Category Archives: Truth-Seekers

Cups

Had a BIG revelation last night. My cup is far from full.

You know how David proclaims, with undying gratitude and enduring trust, “My cup overflows!” It gives us the sense that God fills us up so we can overflow. I have experienced this too — being so filled with God that my life, my relationships, my ministry are simply products of overflow. That is actually God’s best plan for each of us.

My latest humbling experience all began at Caribou. I purchased a set of four artsy cups for 75% off — one of those great after-Christmas sales I couldn’t pass up. They are perfect for double shot of espressos. When I brought them home, I decided to arrange ALL of our cups in the cupboard because we were running out of room. We have collected cups and mugs from all over the world (literally) and have way more than any family ever needs. They do enable us to haves brief fantasy vacations while we sip our hot beverages, however.

When Susan arrived home, I decided to excitedly share my organizational efforts (since that’s HER specialty). Her response, which isn’t important for my blog, took me by surprise and hurt my pride. My reaction was — well, surprising even to me. I berated my wife in front of our sons, made a fool of myself, and had a big mess to clean up.

I realized my cup was far from full.

I faced my wrong, killed my pride, apologized to Susan (who deserved none of my venom), and made things right with my sons, too. I can’t say I like humble pie at all. I ate lots of it last night.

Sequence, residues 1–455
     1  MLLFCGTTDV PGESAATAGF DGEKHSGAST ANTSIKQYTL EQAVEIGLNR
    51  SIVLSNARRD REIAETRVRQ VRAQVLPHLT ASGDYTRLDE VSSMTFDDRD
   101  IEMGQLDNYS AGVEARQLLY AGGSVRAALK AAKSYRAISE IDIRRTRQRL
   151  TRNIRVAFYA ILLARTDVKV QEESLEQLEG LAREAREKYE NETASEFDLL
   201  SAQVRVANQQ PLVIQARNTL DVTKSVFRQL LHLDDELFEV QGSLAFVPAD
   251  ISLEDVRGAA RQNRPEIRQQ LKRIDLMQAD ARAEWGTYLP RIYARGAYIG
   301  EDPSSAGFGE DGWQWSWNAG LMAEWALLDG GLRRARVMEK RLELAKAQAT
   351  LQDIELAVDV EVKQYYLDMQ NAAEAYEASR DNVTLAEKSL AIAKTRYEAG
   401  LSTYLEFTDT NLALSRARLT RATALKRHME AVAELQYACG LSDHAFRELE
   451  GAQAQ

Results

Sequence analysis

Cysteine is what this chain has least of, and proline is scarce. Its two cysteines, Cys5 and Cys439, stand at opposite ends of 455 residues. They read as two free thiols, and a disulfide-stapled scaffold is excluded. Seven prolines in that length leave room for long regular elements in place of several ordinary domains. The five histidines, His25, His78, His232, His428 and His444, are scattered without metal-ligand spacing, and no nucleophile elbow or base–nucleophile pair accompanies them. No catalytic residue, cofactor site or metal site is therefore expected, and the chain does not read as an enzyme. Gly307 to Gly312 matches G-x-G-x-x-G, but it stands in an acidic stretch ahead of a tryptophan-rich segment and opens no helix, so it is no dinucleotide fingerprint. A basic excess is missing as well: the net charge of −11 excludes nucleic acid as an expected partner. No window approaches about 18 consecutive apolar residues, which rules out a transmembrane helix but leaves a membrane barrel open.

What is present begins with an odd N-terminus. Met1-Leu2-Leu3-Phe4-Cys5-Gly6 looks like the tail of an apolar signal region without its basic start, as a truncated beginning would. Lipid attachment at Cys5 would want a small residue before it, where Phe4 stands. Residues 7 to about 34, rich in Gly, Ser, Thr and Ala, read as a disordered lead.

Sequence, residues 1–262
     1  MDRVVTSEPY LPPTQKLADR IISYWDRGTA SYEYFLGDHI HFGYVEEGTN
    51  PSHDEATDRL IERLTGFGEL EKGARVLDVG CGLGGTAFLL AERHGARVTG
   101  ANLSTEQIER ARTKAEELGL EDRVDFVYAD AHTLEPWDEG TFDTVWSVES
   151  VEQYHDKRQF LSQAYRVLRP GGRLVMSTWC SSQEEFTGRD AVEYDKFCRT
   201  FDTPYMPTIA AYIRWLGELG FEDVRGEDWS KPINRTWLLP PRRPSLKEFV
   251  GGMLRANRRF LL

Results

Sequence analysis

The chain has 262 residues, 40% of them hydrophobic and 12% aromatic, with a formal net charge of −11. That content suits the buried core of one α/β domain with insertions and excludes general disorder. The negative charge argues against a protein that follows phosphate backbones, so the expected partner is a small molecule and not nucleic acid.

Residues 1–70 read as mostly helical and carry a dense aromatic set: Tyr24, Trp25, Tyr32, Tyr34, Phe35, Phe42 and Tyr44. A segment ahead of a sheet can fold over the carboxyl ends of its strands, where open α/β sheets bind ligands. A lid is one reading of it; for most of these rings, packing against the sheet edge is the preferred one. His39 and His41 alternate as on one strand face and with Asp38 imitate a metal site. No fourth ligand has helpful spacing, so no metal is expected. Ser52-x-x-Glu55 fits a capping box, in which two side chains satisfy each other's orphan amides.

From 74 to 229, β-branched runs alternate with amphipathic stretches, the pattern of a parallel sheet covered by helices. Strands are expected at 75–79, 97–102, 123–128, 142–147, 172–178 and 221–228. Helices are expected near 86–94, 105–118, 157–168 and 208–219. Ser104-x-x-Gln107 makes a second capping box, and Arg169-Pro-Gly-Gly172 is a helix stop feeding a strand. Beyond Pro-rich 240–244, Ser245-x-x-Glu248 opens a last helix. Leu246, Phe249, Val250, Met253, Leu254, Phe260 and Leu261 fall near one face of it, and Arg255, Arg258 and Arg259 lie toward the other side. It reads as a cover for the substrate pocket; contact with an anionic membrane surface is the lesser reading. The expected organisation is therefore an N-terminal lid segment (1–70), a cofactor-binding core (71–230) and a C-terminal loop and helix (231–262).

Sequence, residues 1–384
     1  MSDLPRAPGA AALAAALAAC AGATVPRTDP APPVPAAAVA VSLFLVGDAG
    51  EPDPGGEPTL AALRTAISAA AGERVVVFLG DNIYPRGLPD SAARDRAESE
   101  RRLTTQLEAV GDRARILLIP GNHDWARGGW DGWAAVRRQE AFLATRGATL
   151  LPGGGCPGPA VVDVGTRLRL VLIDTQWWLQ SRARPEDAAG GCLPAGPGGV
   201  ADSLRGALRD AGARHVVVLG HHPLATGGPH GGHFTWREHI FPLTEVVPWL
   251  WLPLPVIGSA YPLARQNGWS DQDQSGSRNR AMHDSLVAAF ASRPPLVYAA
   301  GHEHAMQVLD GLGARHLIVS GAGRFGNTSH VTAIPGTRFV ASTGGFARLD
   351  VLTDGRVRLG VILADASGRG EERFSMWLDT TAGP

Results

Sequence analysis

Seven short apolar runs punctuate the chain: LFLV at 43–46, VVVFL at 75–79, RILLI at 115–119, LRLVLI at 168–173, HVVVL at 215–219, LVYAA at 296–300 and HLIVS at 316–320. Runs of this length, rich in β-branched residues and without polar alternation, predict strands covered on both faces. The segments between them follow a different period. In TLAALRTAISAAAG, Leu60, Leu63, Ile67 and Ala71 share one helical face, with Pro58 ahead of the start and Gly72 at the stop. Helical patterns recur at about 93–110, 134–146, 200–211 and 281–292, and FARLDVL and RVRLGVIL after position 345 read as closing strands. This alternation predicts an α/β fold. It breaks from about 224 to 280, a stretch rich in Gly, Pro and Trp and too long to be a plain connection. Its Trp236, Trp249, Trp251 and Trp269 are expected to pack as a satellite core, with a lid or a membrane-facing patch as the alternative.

All because my cup is fairly empty.

So here’s the crazy thing–I’ve been reading my Bible, preparing lessons and messages, spending time in prayer, and have stayed connected in meaningful fellowship. Why is my cup empty?

Well–that’s a topic for tomorrow. I’ll give you a hint, though. It has everything to do with the condition of my heart.

For now, I need to wash down the bad taste of humble pie with some great espresso from one of those new fancy cups.

Wild and Crazy Generosity

Abraham was on of those wild and crazy people. He embarked on a thousand plus mile journey to go to a place he had never been to follow a God he couldn’t see. One of the characteristics we easily overlook in Abraham was his generosity. Genesis 13 tells the story of Abraham and his nephew Lot together in Canaan when their herds increased so much there was not enough pasture for both.

Know what Abraham did? He gave Lot the choice of any property he wanted. Lot, of course, chose the most beautiful fertile valley of land anywhere around — the Jordon Valley. Here’s what’s so intriguing about this account: The first thing that happens after Abraham lived out selfless generosity is that God declares His generosity toward him!

14 After Lot had gone, the Lord said to Abram, “Look as far as you can see in every direction—north and south, east and west. 15 I am giving all this land, as far as you can see, to you and your descendants as a permanent possession. 16 And I will give you so many descendants that, like the dust of the earth, they cannot be counted!